Lecture 5 - Vitating Factors 250911

Cm20278 regulatory framework 9 business 2011 2012 for

Info iconThis preview shows page 1. Sign up to view the full content.

View Full Document Right Arrow Icon
This is the end of the preview. Sign up to access the rest of the document.

Unformatted text preview: prevailing view is that when the parties see on another, there cannot be any mistake as to the identity of the person with whom they intend to do business. A shopkeeper may mistakenly think that the customer before him is a famous and wealthy businessman, but such a mistake is not really as to the identity of the customer. It is only a mistake as to the attributes, i.e. social status and creditworthiness, which does not render the contract void. CM20278 Regulatory Framework 9 Business 2011 - 2012 for It is only a mistake as to the attributes, i.e. social status and creditworthiness, which does not render the contract void. Therefore, such contract will normally be held to be valid because there is an intention to enter into a contract with the person in front of you. It may be void if the intention had been to only deal with a specific person. This intention can only be proved by strong evidence. CM20278 Regulatory Framework 10 Business 2011 - 2012 for In contrast, it is easier to show this if the negotiations leading up to the contract are through the post, i.e. by correspondence (Cundy v Lindsay (1878)). If the contract is made in person, it will be assumed that the parties intended to deal with the person in front of them unless there is clear evidence that this not the case. CM20278 Regulatory Framework 11 Business 2011 - 2012 for Ingram v Little (1961), the sellers of a car refused to accept a cheque from the buyer until he proved his identity. When this turned out to be false, the contract was held to be void as the sellers had only intended to contract with a particular person. Lewis v Avery (1971), the buyer of a car paid by cheque. To persuade the seller to let him take way the car before the cheque was cleared, he showed false identification papers. It was held that the seller had intended to deal with the person in front of him and the contract was valid. CM20278 Regulatory Framework 12 Business 2011 - 2012 for There is very little difference between these two cases, except that in the former case, the victim was more insistent and emphasized more on the proof of identification. In Lewis v Avery, the Court of Appeal indicated that only in exceptional cases would the contract be void. CM20278 Regulatory Framework 13 Business 2011 - 2012 for Unilateral Mistake ­ Mistaken Signing of a Document As a general rule, a person who signs a document is assumed to have read, understood, and agreed to its contents. However, a person may be able to or apply the doctrine 'non est factum’ (i.e. that is not my deed) if he can show that his/her signature was induced by fraud, the document he signed was fundamentally different from that thought to be signed, and that he did not act negligently (Saunders v Anglia Building Society), for example, he was blind and cannot find anyone for help in the circumstance CM20278 Regulatory Framework 14 Business 2011 - 2012 for Note Where there has been a mistake in relation to contents of documents, the court may rectify the document (Aristocrat Leisure Limited v Deutsche Bank Trust Company Americas & others (2005)). This is the case where both parties really have no mistake in the negotiation by...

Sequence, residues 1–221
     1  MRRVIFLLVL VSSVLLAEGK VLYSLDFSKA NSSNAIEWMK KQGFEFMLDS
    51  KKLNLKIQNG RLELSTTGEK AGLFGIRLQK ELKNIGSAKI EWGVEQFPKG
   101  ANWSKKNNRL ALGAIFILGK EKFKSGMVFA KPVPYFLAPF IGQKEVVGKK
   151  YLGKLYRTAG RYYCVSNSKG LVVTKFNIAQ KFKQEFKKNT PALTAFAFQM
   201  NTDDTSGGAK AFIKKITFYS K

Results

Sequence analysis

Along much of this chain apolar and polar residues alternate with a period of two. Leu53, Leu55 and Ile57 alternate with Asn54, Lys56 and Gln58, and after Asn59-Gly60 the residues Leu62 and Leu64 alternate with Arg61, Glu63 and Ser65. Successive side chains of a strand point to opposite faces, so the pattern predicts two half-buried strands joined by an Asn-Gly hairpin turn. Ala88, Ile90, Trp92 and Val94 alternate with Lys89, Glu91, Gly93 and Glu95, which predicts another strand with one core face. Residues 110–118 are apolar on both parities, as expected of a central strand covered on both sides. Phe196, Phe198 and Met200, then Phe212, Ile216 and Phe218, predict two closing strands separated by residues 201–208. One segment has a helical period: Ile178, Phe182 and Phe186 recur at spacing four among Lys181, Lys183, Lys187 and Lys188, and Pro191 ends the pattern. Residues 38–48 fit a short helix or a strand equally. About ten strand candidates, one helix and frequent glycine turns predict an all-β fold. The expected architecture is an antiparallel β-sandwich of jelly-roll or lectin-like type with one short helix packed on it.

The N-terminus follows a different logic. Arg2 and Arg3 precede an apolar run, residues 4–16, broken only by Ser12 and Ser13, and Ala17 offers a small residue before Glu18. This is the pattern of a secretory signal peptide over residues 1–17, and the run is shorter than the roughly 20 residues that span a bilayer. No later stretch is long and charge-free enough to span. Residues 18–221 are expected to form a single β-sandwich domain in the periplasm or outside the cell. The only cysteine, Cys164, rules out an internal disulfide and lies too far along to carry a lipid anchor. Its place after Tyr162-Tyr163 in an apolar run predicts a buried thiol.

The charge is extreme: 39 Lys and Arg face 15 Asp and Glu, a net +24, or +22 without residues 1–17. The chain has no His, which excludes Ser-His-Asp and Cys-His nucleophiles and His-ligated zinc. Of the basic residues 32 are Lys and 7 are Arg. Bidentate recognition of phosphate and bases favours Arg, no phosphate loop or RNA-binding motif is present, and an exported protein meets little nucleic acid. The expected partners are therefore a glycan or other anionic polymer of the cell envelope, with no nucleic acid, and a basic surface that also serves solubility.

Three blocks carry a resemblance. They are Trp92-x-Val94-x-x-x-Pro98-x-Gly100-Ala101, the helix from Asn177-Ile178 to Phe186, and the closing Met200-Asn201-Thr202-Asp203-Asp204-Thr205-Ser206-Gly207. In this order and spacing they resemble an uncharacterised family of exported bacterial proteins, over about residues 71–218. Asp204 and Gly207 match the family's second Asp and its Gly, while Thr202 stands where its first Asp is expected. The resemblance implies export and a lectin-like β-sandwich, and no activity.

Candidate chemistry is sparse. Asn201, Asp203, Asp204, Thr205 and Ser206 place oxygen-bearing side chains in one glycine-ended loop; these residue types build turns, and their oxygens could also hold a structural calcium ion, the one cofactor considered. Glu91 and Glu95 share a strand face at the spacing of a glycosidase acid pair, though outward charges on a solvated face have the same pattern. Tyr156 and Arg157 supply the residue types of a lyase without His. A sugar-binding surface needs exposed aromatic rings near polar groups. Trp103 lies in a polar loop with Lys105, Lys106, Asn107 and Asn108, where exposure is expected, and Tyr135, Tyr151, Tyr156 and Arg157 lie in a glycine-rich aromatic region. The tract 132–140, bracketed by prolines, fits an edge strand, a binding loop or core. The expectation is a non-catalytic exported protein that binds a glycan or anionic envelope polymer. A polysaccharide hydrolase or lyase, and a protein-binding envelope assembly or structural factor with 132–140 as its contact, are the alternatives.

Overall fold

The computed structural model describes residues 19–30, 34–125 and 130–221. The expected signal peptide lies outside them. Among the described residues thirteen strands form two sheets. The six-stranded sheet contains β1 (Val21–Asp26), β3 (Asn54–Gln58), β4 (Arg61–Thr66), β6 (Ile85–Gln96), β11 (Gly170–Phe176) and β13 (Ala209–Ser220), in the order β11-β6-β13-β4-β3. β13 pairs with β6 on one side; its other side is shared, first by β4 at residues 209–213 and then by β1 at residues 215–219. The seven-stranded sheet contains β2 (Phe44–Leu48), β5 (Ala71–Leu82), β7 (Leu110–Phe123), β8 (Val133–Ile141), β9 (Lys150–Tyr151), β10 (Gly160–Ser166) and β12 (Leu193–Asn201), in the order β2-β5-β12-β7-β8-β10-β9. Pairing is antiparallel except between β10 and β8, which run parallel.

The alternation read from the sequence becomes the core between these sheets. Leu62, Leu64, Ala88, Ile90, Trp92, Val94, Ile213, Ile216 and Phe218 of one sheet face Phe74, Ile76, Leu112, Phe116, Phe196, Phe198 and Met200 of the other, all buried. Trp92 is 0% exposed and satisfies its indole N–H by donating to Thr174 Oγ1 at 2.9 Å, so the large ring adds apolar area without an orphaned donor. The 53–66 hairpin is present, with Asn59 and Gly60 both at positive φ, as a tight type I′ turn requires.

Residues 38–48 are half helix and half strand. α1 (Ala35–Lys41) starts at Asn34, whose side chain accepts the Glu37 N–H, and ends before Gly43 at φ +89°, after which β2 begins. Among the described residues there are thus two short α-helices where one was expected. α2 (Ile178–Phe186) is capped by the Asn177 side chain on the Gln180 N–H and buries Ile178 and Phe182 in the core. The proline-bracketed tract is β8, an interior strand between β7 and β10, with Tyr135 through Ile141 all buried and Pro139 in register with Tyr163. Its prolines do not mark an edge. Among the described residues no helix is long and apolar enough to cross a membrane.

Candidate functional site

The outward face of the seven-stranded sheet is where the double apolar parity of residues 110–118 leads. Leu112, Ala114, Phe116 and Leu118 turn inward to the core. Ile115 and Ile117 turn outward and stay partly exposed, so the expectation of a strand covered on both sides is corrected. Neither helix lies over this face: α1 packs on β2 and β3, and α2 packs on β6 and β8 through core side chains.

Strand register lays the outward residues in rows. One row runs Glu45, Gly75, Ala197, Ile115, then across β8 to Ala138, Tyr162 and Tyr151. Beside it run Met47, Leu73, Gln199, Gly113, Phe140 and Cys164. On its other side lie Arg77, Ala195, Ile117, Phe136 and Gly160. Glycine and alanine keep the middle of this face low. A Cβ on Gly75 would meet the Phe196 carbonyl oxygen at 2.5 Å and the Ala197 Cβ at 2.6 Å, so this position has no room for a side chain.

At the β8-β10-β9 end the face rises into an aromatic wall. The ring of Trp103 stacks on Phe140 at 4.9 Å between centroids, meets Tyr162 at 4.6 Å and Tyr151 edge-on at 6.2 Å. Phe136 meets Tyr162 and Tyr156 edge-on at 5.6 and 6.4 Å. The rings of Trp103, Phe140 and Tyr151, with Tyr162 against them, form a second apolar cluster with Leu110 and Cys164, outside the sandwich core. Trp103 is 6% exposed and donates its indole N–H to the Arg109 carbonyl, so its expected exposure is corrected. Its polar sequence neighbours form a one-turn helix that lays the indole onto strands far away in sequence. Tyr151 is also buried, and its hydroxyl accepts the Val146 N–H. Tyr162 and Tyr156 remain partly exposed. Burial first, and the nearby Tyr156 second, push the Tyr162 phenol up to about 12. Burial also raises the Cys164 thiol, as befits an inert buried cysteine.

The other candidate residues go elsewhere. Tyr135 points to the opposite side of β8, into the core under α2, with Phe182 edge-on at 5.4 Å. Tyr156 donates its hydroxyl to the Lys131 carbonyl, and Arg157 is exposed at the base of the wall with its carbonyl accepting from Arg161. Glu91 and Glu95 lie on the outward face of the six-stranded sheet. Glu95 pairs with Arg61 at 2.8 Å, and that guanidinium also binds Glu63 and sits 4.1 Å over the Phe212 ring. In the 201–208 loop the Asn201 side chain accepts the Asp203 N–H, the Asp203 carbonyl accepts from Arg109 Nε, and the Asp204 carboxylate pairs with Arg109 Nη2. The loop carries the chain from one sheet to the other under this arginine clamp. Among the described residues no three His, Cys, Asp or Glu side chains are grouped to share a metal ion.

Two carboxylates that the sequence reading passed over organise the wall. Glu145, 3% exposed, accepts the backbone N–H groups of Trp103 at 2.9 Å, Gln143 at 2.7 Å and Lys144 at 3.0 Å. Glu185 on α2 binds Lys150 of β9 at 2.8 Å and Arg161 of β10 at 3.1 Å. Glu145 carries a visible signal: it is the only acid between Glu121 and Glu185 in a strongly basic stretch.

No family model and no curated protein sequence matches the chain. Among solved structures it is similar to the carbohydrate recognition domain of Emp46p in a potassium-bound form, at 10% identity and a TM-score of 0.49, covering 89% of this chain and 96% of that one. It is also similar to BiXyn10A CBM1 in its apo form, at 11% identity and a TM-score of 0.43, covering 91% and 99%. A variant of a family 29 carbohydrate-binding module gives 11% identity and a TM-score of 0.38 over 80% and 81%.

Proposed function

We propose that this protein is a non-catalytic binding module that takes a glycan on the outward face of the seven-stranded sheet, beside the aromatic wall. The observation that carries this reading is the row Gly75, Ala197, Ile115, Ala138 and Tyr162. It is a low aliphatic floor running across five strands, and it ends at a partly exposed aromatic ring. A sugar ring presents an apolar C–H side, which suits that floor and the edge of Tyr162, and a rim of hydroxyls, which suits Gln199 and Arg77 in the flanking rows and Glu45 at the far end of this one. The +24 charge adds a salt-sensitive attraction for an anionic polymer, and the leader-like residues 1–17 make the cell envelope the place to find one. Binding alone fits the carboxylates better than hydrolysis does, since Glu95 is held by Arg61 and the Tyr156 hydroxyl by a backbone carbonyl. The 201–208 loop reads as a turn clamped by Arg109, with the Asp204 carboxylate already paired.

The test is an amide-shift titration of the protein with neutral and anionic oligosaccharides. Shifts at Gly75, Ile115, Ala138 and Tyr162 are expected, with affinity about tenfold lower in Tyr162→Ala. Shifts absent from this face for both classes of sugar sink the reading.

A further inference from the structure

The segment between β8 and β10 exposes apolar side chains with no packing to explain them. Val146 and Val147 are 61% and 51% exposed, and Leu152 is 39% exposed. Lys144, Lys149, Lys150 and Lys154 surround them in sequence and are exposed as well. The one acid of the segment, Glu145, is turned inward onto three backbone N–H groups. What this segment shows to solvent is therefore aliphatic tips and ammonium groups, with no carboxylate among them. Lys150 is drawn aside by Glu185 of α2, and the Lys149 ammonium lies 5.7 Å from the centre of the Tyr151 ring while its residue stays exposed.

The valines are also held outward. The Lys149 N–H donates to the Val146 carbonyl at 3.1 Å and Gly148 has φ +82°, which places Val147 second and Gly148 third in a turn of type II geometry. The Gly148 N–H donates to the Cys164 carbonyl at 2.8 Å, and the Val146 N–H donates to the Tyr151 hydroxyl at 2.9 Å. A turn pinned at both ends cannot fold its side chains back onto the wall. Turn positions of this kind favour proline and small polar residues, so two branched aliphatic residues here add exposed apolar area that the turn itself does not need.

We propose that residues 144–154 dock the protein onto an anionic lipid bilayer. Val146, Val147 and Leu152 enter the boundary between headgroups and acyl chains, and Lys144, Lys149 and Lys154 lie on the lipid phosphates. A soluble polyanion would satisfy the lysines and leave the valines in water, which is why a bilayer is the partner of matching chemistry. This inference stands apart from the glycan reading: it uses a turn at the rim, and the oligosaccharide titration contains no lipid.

View Full Document

{[ snackBarMessage ]}

Ask a homework question - tutors are online